Parliament: Off-peak monthly travel pass scheme was an experiment that failed miserably, says Khaw Boon Wan

The $40 off-peak monthly travel pass scheme allowed elderly commuters to make unlimited bus and train rides during off-peak hours on weekdays. PHOTO: ST FILE

SINGAPORE - The $40 off-peak monthly travel pass scheme, which was cancelled last December, had "failed miserably", said Transport Minister Khaw Boon Wan in Parliament on Monday (Feb 5).

The scheme, which allowed elderly commuters with the pass to make unlimited bus and train rides during off-peak hours on weekdays, was a two-year trial intended to encourage users to shift their travel to off-peak periods.

But fewer than 200 commuters made the switch, said Mr Khaw, and the scheme was discontinued by the Public Transport Council (PTC) this year.

About half of the 13,000 off-peak passes that were sold on average each month since the trial began were for senior citizens, said the PTC previously.

"When the scheme was formulated, I suppose we were optimistic that there will be many who will benefit and make the switch. Unfortunately, it did not turn out to be so," said Mr Khaw.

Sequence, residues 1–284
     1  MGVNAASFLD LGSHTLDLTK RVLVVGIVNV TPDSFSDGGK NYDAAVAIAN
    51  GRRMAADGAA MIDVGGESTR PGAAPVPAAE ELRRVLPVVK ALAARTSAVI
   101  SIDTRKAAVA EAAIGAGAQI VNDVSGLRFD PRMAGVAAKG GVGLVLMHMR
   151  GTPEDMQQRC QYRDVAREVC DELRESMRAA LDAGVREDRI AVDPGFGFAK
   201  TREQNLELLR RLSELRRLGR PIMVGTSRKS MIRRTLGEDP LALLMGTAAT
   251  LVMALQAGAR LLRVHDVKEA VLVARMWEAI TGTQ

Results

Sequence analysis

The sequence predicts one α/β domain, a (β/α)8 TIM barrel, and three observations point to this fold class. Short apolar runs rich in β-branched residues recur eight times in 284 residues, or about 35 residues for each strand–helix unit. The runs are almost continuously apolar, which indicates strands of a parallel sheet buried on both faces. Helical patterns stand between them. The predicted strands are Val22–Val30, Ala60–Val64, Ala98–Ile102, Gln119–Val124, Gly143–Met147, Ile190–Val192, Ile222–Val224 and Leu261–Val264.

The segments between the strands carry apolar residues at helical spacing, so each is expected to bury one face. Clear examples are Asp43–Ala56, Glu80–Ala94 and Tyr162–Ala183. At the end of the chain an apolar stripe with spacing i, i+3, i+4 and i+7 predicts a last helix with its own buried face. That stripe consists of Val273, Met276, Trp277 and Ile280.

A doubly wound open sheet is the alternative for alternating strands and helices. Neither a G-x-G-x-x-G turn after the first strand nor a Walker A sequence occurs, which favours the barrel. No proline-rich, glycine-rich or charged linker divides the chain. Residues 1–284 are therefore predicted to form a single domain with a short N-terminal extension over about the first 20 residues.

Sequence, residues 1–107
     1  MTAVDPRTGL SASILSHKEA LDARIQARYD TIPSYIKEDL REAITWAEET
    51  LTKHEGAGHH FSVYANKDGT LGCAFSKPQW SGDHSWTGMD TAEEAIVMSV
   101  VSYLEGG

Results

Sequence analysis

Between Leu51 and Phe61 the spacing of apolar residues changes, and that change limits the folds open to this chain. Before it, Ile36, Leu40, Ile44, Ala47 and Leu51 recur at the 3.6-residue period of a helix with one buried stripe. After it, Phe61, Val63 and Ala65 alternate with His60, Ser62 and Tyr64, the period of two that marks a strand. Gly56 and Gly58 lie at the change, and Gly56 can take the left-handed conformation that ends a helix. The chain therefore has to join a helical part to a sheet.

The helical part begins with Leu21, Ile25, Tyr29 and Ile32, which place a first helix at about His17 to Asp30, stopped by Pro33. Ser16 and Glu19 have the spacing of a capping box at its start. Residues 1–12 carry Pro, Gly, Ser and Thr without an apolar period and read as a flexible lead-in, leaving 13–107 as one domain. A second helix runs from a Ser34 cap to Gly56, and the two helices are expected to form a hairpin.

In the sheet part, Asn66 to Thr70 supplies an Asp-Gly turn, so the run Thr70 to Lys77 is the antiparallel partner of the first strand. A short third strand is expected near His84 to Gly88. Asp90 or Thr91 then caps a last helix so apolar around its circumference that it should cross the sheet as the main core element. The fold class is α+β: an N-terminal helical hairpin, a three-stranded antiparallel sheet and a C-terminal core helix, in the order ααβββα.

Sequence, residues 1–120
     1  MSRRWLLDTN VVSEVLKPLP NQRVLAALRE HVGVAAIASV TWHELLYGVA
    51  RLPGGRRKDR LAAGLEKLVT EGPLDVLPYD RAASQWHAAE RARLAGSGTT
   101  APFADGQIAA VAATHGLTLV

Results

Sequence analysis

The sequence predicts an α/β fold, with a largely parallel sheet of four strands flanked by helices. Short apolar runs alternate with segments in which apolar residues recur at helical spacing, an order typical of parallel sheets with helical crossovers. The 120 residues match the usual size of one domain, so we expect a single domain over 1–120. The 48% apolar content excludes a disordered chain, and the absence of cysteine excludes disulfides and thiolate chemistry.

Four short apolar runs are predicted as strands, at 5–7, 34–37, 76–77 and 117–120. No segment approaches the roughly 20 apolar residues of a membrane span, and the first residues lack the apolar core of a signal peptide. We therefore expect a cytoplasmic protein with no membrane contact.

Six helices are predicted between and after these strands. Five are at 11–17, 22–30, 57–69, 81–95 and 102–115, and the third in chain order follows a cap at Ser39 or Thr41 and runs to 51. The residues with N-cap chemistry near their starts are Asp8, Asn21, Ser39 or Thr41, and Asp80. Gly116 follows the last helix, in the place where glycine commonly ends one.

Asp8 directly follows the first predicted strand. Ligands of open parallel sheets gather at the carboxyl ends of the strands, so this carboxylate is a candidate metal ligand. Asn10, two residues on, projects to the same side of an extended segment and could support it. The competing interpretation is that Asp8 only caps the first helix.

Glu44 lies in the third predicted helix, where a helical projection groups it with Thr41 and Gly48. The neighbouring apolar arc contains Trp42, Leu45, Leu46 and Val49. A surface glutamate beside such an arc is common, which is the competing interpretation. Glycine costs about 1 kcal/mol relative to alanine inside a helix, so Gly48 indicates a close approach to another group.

Elderly commuters can now buy the $60 Senior Citizen Monthly Concession Pass, which includes peak-period coverage.

This group, as well as those with disabilities, get a 25 per cent discount off adult card fares at all times. If they tap in before 7.45am, they can receive a further discount of up to 50 cents for rail travel, said Mr Khaw.

Ms Lee Bee Wah (Nee Soon GRC) asked if there was a study to look at the 200 commuters using the off-peak scheme who would be affected by its cancellation. "The fact that there was quite a lot of discussion on the ground on this means that it affects these 200 users," said Ms Lee.

In response, Mr Khaw said schemes must be designed to "benefit as wide a number of people as possible".

"After all, you are spending taxpayers' money," he argued.

Non-Constituency MP Daniel Goh asked if the authorities could have given seniors a choice between the new concession pass and the earlier off-peak pass as an experiment, but Mr Khaw believes there is little reason to do so.

He said: "Now that we've tried this experiment and we found that the off-peak pass has failed miserably, why do we want to (give them a choice)?

"So yes, while I encourage making mistakes, trying out new things, but when you discover something doesn't work and you keep on banging your head against the wall, why do you do that? You get a headache."

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